DALLAS (CBS11) – No matter how hard you try avoiding the cold virus this time of year can seem near impossible.
Dr. Matthew Bush at Medical City Dallas said far and away the best thing you can do is wash your hands.
He also said it’s not too late for the flu vaccine.
“It’s not ideal as we would like you to get that vaccine in late September and October… but it’s definitely not too late,” he said.
While Dr. Bush said he’ll stick with hand washing and vaccinations, other medical studies suggest there’s even more we can do to avoid the cold and flu.
Here are the Top 5 surprising ways to avoid getting sick.
1. Wash your washing machine
Sure you wash your clothes to kill germs, but when was the last time you washed your washing machine.
Bacteria and fungus can build up over time especially in the seals of front-loading washing machines.
Many manufactures offer a specialized cleaner, although two tablespoons of white vinegar will also do the trick. Just put the white vinegar where the detergent usually goes and run the clean cycle.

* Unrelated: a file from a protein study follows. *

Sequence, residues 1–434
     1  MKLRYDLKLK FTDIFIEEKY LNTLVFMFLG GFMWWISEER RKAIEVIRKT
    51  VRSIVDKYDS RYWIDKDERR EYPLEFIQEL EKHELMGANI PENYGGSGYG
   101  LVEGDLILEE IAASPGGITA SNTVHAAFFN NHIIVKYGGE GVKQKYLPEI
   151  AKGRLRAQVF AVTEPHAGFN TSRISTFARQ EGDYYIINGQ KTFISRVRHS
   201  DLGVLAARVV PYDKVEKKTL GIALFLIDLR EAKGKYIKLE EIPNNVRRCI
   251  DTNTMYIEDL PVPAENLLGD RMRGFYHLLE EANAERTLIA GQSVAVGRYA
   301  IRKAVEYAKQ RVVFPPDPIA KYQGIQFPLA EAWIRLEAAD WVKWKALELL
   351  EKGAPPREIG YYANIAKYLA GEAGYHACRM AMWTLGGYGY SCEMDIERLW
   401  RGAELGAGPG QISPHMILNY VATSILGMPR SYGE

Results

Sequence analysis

Most manufactures recommend you do this one a month.
2. Avoid alcohol
Too much alcohol can depress your immune system which make you more susceptible to colds.
Plus, if you’re already sick, some doctors say even a single drink can prolong a virus for several more days.
3. Avoid too much sugar
Much like alcohol, too much sugar hinders your white blood cells from fighting off viruses and bacteria.
Doctors say even two cans of soda can curb your immune system for several hours.
4. Exercise (but not too hard)
While it’s well documented that exercising can boost your immune system, working out too hard can have the opposite effect. After long and extremely intense physical activity, there’s a 72-hour period in which your body is distressed. It’s during this time that your more susceptible to getting sick. However, Dr. Bush said people who exercise too hard are rare, and a lot more could stand to exercise more.
5. Hold your breath
Every time someone sneezes, tiny droplets containing the cold virus are expelled into the air. A recent study by M.I.T. revealed those droplets travel in some cases more than 20 feet. The theory is if you hold your breath for ten seconds just as someone near you sneezes, it will give the cloud of droplets time to disperse and could help keep some of the germs from getting into your system.
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